Pulmonary Function Testing



Fig. 68.1
Patient’s spirometry, red curve after bronchodilator





Questions


  1. 1.


    How is spirometry performed and what information does it provide?

     

  2. 2.


    When is spirometry indicated?

     

  3. 3.


    Describe normal and abnormal spirometry curves.

     

  4. 4.


    Describe spirometry in COPD.

     

  5. 5.


    What is bronchodilator reversibility testing?

     

  6. 6.


    How would you interpret this patient’s spirometry?

     



Answers


  1. 1.


    Spirometry: the patient inhales until the lungs are full and rapidly and forcefully exhales. The test is dependent on patient effort, so it must be properly performed. The test is repeated until three acceptable and consistent results are obtained.


    1. (a)


      Forced vital capacity or FVC. This is the total exhaled volume in liters exhaled after full inspiration, typically in the first 6 s.

       

    2. (b)


      Forced expiratory volume in liters during the first second or FEV1.

       

    3. (c)


      The ratio of the FEV1/FVC as a fraction. Normal is between 0.7 and 0.8.

       

    4. (d)


      The forced expiratory flow rate in the midportion of the FEV1, the FEF25–75.

       

    5. (e)


      Normal values are obtained from tables, obtained in normal controls, and vary by height, gender, and ethnicity. These data provide objective measurements to determine the severity and follow the course of the pulmonary disease [1].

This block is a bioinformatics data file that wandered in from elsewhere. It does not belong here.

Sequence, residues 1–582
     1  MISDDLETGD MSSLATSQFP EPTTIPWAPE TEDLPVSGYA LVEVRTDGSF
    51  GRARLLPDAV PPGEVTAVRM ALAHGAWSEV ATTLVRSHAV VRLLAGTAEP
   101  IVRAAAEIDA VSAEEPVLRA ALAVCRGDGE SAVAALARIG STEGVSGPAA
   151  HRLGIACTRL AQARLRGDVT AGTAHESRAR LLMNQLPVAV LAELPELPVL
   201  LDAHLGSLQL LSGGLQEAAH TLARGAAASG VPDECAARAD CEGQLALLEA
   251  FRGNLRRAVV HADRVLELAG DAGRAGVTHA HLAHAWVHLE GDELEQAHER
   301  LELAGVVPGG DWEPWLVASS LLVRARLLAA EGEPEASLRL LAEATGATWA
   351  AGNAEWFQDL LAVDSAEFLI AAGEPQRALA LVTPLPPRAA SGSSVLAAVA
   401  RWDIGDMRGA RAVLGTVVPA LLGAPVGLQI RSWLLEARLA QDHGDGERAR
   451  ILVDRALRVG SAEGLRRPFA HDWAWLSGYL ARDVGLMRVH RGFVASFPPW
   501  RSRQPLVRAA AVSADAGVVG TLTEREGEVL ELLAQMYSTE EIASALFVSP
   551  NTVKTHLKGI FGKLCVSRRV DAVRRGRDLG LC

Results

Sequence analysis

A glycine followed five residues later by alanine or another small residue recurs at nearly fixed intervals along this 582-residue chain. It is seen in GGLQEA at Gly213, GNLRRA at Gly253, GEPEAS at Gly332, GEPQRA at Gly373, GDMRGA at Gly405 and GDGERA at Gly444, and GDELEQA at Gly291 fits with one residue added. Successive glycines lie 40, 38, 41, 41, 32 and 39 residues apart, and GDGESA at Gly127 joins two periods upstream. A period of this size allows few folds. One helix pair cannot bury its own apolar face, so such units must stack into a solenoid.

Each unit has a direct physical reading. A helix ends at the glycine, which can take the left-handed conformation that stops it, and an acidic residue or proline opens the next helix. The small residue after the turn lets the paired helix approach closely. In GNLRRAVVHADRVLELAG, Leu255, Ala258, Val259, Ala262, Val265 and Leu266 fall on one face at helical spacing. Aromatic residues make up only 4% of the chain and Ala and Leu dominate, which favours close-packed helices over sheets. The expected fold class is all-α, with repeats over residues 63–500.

6. (f)


      These measurements are based on flow over time. Flow volume loops are flow rates plotted against volume and are discussed in a separate chapter.

       

     

  2. 2.


    Spirometry can confirm the presence and severity of obstructive and restrictive lung disease. The response to bronchodilator can assist to differentiate asthma from COPD. It can be useful to assess progression and response to therapy. Spirometry is not routinely necessary in preoperative testing for non-thoracic surgery. In patients evaluated for lung resection, simple spirometry, FVC, and FEV1 should be obtained. The predicted postoperative FEV1 is calculated as ppoFEV1 = preop FEV1% × (1–% functional lung removed/100). A ppoFEV1 < 40% indicates a higher risk of postoperative complications; these patients may need additional testing, and/or a ppoFEV1 < 30% may require post-op ventilation [2].

     

  3. 3.


    Figure 68.2 is a normal spirometry curve. Figure 68.3 demonstrates abnormal spirometry curves. Three basic patterns are:
Sep 23, 2017 | Posted by in Uncategorized | Comments Off on Pulmonary Function Testing
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